• Registered nurses
  • Licensed practical nurses
  • Certified nursing services
  • Home health services
  • Personal care aiders

Types of caregivers | Volunteer caregivers | illustration depicting a person being cared for by a volunteer






Volunteer caregivers

Volunteer caregivers are so passionate about helping people in need, they offer their free time. This might be via charities, religious groups or social service agencies. Companionship, respite care and entertainment are just some of the ways they brighten the days of those they care for.

Types of caregivers | Informal caregivers | illustration depicting friends chatting and caring for one another







Informal caregivers 

Informal caregivers typically provide care and support on an unpaid, casual basis. This might be to a friend or neighbour. Unlike professionals, informal caregivers don’t receive formal training, qualifications and compensation for their services – but this doesn’t detract from the life-enhancing role they play.

Caregiver quote proud | Amy Leigh Mercree “Kindness can transform someone’s dark moment with a blaze of light. You’ll never know how much caring matters.”   Caregiver quote | Margaret Mead “never believe that a few caring people can’t change the world”  Caregiver quote short| Tia Walker “caregiving calls us to lean into love we didn’t know possible”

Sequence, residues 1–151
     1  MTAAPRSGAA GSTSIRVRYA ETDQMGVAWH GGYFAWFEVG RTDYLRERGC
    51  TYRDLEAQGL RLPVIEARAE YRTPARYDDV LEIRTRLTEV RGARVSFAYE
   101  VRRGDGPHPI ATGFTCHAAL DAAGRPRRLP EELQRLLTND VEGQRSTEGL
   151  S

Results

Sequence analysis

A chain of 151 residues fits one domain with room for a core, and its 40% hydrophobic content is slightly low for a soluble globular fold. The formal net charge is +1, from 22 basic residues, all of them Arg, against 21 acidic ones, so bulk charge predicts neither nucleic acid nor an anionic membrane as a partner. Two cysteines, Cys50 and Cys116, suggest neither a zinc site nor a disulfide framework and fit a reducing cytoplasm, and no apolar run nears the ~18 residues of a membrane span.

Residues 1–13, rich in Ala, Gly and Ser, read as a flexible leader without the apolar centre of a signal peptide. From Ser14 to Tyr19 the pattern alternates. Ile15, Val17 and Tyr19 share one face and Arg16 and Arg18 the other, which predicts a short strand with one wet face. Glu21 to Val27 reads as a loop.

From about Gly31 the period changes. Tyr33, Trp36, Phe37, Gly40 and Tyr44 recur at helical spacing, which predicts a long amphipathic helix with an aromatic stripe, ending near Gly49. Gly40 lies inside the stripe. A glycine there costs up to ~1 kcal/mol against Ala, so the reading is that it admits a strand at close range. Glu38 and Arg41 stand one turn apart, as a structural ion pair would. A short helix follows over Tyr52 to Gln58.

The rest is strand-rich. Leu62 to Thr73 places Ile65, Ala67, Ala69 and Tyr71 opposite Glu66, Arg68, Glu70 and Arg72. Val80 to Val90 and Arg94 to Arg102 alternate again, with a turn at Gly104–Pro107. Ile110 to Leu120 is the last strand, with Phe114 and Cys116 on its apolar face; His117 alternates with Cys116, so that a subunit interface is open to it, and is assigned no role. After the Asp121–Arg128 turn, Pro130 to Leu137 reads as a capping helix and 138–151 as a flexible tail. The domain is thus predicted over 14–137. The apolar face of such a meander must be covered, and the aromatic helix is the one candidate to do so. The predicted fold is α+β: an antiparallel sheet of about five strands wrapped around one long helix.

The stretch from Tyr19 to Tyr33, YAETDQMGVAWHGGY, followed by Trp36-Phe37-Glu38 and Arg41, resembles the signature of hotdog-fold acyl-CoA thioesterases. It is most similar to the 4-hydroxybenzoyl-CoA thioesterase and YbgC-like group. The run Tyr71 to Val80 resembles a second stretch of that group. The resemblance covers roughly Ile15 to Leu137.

What is caregiver burnout, and how does it affect mental health?

‘Caregiver burnout’ (also known as ‘caregiver stress syndrome’) is a specific kind of burnout that refers to the emotional, mental and physical exhaustion that comes with looking after someone who can’t care for themselves due to illness, disability or another condition. Anyone suffering from the condition should seek assistance as soon as possible.

Despite best intentions, the caregiving role can be incredibly demanding and stressful. It can trigger emotional strain, financial pressure, social isolation and neglected self-care.

Unpaid carers face particularly significant challenges as they receive minimal monetary support while balancing many responsibilities at home and in work.

The mounting weight of caregiving, coupled with the demands of daily life, can quickly become overwhelming, ultimately resulting in burnout. The symptoms include fatigue, trouble sleeping, irritability, anxiety and, in serious cases, depression. Carers (or those close to them) must recognise the signs of caregiver burnout. From here, practising self-care to prevent further decline in their wellbeing or seeing a GP is critical to recovery.


Inspirational caregiver quote | Christopher Gerner “self-compassion is simply giving the same kindness to ourselves that we give to others.”    Caregiver quote family | Princess Diana “family is the most important thing in the world”    Caregiver quote encouraging | Ken Poirot “no one cares until someone cares; be that one!”

What are the symptoms?
How caregiver burnout can affect mental and physical health


Caregiver burnout typically progresses through several stages that increasingly worsen and vary by person.

Early warning signs